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Wednesday, 26 March 2014
Page: 3278


Mr FRYDENBERG (KooyongParliamentary Secretary to the Prime Minister) (18:43): Can I first thank all those members and colleagues on this side of the House for their terrific contributions over the course of the day. It has been an extremely important day in the history of the parliament, the first ever repeal day. It is a day that dedicated the minds of parliamentarians to the responsibility of cutting red and green tape, and therefore boosting productivity, investment and jobs.

Some specific questions have been put to me today. The member for Greenway has asked about the Australian Government Guide to Regulation. I can confirm this is a new guide. We needed this new guide, with new requirements on the public service, because we are now mandating that all cabinet submissions that have a regulatory impact require a regulatory impact statement. We needed this new guide because of the 80 examples of non-compliance by those opposite.

The member for Isaacs raised the question about the savings that are attributed to the Statute Law Revision Bill (No. 1) 2014 and the amending acts. He obviously has not read the document, because on page 18 it refers to the $0.21 million in compliance costs that will be saved every year by the Amending Acts 1901 to 1969 Repeal Bill, and the $0.35 million in compliance costs that is saved by the Statute Law Revision Bill. As a QC he should pay attention to the detail. The member for Gellibrand referred to the IPA—that was quite unusual for the member for Gellibrand.

They made out as if all these regulations were uncontroversial. If the repeal of redundant regulation is so uncontroversial and the efforts that we are making on repeal day are so uncontroversial, I look forward to those opposite supporting the abolition of the ACNC. I look forward to those opposite supporting our reforms to FoFA. I look forward to those opposite providing support for us to open up the Comcare scheme to save business costs. And I look forward to those opposite ensuring that the Personal Property Securities Act is not a burden on small hire firms around this country. If it is so noncontroversial, why didn't those opposite come up with these ideas and why didn't they universally endorse them?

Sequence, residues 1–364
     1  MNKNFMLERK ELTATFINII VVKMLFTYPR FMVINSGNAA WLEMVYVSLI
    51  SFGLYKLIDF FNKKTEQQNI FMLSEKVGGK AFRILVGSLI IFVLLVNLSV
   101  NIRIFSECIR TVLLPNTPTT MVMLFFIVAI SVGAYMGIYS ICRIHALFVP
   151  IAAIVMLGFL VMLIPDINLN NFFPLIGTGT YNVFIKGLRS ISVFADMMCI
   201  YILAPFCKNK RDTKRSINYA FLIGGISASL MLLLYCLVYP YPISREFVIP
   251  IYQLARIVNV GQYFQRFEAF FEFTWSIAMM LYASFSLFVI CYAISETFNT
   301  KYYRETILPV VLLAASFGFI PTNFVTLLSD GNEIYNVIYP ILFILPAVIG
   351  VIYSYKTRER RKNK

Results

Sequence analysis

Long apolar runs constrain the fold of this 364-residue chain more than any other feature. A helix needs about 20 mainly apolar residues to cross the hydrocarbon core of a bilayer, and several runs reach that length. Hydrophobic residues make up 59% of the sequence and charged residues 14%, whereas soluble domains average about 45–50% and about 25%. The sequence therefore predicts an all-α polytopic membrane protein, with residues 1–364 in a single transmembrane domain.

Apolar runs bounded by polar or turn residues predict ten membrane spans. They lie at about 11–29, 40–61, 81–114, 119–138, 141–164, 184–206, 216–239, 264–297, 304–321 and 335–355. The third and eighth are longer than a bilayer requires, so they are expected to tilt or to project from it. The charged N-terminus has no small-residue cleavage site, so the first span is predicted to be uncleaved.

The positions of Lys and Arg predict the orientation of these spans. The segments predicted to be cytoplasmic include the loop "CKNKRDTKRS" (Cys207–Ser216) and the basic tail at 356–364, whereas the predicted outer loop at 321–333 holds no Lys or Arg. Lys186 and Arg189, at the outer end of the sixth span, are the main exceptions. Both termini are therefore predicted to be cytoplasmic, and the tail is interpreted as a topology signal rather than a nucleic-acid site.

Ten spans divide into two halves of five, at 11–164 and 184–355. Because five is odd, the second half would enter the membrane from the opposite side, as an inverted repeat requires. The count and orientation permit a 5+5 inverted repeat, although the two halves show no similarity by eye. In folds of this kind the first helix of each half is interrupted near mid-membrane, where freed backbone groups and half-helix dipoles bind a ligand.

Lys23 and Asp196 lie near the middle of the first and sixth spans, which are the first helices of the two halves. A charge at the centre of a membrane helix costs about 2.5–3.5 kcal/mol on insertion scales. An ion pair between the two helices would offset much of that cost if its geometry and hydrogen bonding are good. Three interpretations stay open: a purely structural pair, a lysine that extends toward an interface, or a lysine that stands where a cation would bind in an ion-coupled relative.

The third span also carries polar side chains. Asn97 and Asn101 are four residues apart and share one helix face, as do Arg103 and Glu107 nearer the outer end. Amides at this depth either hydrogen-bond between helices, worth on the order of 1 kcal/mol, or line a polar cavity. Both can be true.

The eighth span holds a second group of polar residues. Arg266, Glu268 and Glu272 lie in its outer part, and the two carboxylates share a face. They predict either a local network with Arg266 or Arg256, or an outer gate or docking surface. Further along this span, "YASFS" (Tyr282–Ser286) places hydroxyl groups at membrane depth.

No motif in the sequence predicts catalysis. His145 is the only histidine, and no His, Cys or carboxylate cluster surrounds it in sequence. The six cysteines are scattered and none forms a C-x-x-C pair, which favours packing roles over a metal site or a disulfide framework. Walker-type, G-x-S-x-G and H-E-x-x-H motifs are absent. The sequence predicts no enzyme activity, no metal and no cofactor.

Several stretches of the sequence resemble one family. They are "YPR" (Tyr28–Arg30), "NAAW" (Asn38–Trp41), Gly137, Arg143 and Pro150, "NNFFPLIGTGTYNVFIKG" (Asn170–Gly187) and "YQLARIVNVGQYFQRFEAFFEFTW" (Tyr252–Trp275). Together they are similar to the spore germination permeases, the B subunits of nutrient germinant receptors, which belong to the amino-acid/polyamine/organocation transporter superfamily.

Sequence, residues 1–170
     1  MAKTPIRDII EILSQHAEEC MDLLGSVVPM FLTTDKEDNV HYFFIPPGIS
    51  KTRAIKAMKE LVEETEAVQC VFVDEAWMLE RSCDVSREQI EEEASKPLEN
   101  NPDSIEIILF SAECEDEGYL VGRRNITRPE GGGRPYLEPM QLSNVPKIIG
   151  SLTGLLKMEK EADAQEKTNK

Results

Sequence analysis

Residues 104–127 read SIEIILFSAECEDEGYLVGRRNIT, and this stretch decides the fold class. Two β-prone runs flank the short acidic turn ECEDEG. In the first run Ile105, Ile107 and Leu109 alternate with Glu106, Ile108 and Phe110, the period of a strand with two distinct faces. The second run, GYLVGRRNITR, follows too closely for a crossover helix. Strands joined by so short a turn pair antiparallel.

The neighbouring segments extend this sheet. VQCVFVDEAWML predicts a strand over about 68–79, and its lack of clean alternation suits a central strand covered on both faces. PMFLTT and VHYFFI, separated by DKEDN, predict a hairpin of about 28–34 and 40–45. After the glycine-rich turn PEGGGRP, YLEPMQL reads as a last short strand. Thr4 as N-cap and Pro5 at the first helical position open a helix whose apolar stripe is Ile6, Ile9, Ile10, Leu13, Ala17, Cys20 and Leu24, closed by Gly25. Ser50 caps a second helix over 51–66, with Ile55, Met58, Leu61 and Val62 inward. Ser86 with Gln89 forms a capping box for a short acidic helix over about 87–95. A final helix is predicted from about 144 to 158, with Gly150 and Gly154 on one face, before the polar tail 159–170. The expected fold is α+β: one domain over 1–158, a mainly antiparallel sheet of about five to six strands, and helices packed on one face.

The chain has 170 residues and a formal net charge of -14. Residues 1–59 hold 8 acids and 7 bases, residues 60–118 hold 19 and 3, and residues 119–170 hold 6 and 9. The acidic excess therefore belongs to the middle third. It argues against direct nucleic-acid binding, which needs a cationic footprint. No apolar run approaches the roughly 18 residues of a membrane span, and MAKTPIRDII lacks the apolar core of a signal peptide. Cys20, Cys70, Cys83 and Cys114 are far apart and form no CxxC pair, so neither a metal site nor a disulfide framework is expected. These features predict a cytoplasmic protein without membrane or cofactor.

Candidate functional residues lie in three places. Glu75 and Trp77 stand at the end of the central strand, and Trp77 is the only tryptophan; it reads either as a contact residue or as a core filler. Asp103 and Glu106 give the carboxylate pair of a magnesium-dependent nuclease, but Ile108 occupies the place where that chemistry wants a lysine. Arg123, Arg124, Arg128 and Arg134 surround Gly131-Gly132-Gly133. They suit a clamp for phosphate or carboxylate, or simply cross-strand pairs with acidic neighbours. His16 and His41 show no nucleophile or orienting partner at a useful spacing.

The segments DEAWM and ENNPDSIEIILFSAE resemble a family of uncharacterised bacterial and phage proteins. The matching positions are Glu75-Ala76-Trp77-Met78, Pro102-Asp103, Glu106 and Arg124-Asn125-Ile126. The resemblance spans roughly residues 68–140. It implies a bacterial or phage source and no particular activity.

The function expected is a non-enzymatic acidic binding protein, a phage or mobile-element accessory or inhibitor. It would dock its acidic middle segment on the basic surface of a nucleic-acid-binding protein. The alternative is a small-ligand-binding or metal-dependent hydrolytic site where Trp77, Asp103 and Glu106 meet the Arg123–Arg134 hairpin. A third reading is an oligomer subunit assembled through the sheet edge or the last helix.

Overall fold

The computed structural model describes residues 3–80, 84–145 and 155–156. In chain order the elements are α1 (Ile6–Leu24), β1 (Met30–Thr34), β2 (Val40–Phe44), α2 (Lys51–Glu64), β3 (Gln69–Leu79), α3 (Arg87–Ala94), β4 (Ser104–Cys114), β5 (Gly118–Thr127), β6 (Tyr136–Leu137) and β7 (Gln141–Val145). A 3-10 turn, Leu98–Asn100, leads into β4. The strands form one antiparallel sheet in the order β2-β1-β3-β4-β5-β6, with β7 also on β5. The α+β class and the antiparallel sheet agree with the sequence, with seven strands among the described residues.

The member for Scullin wants some changes made to imperial honours and relevant honours. That is not going to happen. The Prime Minister has made a decision and we are very comfortable with that.

The member for Melbourne asked whether workers will be better off by the deregulation initiatives that we announced today. I can emphatically tell the House that they will be far better off because, as a result of the Green thumb and the blue collar, the last parliament gave us 21,000 additional regulations. Shame on you, member for Melbourne. Shame on you, member for Scullin. Shame on the previous Labor government, because it put a burden and a shackle on business and the not-for-profit sector. Through our changes, we will ensure that we will have more employment, higher productivity and more investment and, of course, we will spur on innovation.

Those opposite cannot have it both ways. They cannot on the one hand say that this is a stunt, where the regulations mean nothing, and on the other hand accuse us of taking away protections. On this side of the House, we are about getting the balance right between risk and cost. On this side of the House, we want Australia to be better off in the world rankings for overall regulatory burden than the pitiful 128th out of 148 countries which was the legacy of the previous government. I commend the bills to the House. (Time expired)

The SPEAKER: Pursuant to the resolution agreed to earlier, the time for debate on the detailed stage has concluded. I now put the question that the bills be agreed to.

Question agreed to.